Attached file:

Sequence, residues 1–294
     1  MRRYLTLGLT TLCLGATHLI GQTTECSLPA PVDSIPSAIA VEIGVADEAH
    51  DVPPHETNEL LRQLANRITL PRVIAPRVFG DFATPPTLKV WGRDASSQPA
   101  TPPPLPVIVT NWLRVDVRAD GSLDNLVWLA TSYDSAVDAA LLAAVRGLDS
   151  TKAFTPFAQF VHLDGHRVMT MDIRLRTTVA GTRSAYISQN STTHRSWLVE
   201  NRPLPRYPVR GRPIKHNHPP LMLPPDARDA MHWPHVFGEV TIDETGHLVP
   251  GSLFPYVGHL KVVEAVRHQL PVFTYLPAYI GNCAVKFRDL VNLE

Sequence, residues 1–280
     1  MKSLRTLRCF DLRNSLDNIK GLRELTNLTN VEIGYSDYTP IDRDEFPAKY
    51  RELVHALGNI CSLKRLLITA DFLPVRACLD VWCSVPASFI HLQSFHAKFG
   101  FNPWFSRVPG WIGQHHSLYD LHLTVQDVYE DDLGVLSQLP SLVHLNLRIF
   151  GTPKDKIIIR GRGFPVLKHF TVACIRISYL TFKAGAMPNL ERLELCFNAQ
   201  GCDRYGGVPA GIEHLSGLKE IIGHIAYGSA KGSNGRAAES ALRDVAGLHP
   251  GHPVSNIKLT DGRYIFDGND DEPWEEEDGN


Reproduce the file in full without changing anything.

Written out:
Sequence, residues 1–294
     1  MRRYLTLGLT TLCLGATHLI GQTTECSLPA PVDSIPSAIA VEIGVADEAH
    51  DVPPHETNEL LRQLANRITL PRVIAPRVFG DFATPPTLKV WGRDASSQPA
   101  TPPPLPVIVT NWLRVDVRAD GSLDNLVWLA TSYDSAVDAA LLAAVRGLDS
   151  TKAFTPFAQF VHLDGHRVMT MDIRLRTTVA GTRSAYISQN STTHRSWLVE
   201  NRPLPRYPVR GRPIKHNHPP LMLPPDARDA MHWPHVFGEV TIDETGHLVP
   251  GSLFPYVGHL KVVEAVRHQL PVFTYLPAYI GNCAVKFRDL VNLE

Sequence, residues 1–280
     1  MKSLRTLRCF DLRNSLDNIK GLRELTNLTN VEIGYSDYTP IDRDEFPAKY
    51  RELVHALGNI CSLKRLLITA DFLPVRACLD VWCSVPASFI HLQSFHAKFG
   101  FNPWFSRVPG WIGQHHSLYD LHLTVQDVYE DDLGVLSQLP SLVHLNLRIF
   151  GTPKDKIIIR GRGFPVLKHF TVACIRISYL TFKAGAMPNL ERLELCFNAQ
   201  GCDRYGGVPA GIEHLSGLKE IIGHIAYGSA KGSNGRAAES ALRDVAGLHP
   251  GHPVSNIKLT DGRYIFDGND DEPWEEEDGN